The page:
In Wine Country, fall brings to mind the annual crush – when grapes are harvested at the vineyards – and entertaining outdoors among the scenic rolling hills and turning leaves.

But you don’t need to live in the region to throw a Napa-style soiree. We rounded up a few experts to find out how they define Wine Country entertaining. The consensus? It’s all about capturing the easy elegance of the valley – from the table settings and flowers to the food and, of course, wine.

Martha Angus[1][2]

Martha Angus enjoys the best of both worlds: The interior designer maintains an office and home in San Francisco, as well as a place in the Napa Valley. When hosting friends and family at the latter, her approach to a “sophisticated nature” table is simple and affordable.

For centerpieces, she cuts huge branches from her garden, rinses them off and artfully arranges them. “I always prefer opaque containers as opposed to clear glass,” she says.

Angus is also partial to compact floral arrangements, often presenting them in short, bright tumblers. By opting for low blooms or a grouping of branches, guests have unobscured views of each other – not to mention the organic vineyards that surround her property.

Wine factors into her entertaining agenda in a creative way. “I like doing blind bubbly flights and guests guess if it’s Californian, French or Italian,” says Angus, adding that for the menu “it’s all about being casual, not too many courses. I start with lots of hors d’oeuvres: Cowgirl Creamery cheeses, a variety of olives and fig crackers.”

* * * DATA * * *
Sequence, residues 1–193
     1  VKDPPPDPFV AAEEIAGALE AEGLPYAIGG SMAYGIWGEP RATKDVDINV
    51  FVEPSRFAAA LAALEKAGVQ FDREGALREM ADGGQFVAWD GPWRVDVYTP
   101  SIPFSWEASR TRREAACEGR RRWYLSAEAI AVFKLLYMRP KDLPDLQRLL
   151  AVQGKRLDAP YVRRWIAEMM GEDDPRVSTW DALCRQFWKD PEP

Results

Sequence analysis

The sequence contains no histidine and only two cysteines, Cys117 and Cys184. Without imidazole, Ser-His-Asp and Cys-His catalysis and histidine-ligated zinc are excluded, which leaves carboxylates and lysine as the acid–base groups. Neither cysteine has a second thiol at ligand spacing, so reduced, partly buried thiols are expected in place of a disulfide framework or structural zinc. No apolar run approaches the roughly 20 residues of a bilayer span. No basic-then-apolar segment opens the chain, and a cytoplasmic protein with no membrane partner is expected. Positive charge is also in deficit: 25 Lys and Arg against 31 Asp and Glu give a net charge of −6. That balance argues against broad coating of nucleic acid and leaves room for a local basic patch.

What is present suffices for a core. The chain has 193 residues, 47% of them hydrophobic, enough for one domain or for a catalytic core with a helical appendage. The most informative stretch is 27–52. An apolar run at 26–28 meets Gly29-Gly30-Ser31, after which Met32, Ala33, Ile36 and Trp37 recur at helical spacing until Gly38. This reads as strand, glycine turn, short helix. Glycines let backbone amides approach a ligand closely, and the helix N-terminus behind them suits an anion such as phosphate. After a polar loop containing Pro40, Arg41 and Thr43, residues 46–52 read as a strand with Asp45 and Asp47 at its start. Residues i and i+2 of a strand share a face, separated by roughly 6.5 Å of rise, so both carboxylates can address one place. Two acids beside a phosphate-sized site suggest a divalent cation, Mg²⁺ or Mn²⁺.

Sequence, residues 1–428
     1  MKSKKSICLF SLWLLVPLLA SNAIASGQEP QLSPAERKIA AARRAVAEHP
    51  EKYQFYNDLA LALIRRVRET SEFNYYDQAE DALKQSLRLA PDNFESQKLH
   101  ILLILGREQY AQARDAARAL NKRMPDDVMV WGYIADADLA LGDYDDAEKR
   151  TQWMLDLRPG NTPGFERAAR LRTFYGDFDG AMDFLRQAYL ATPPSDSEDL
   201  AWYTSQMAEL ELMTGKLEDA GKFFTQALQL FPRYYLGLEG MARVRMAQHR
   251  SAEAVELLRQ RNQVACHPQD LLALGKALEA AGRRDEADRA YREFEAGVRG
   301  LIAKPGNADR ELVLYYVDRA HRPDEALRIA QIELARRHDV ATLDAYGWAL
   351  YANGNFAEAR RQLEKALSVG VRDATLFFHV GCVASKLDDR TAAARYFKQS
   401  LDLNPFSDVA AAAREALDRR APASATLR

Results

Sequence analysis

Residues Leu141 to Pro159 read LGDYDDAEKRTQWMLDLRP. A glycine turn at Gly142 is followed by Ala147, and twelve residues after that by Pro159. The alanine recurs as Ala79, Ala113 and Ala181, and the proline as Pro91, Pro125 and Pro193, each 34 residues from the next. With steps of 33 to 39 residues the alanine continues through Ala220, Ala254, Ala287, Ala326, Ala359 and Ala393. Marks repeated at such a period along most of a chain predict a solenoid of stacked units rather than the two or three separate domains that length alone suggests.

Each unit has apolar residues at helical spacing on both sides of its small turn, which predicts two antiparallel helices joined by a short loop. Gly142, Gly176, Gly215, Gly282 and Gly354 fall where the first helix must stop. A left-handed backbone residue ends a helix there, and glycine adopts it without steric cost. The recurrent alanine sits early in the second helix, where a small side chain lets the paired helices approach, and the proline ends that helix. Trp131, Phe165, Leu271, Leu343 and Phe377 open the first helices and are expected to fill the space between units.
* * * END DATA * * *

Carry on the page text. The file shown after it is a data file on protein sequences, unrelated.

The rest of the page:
She serves the spread on all-white china, forming a buffet on her blue lava stone kitchen island. Guests help themselves, which adds to the laid-back vibe. “It is also less of a hassle when you have a big group of friends coming over,” she notes, “and you don’t need to slave over serving things too formally.”

Alexis Swanson Traina[3][4]

The creative director of Swanson Vineyards & Winery[5] in Rutherford, Alexis Swanson Traina has developed a reputation as a hostess extraordinaire. For Traina, August through October is the best time to entertain in Wine Country. “During the warmer months, we can be outside – in an orchard, courtyard, by a pool, in the vineyards, in a bar, under trees, under stars,” she says.

The parties she throws in the valley tend to have a more organic sensibility than those she hosts in San Francisco, where she and her family reside. “Napa is the type of place where branches, flowers, vines, ferns and berries are in abundance outside your back door,” she explains.

All of these elements are easy to come by, even for those without a garden. Such flora and foliage are commonplace at farmers’ markets and flower marts – usually for not much money. For displaying the botanicals, Traina layers in an industrial touch: She uses test tubes and beakers rather than more traditional vases. Look for the science lab staples at flea markets and vintage shops.

And, of course, Traina has a go-to wine for her parties: Whether it’s a quiet Tuesday-night gathering or a Saturday evening spent with friends, the Swanson Merlot[6] fits the bill.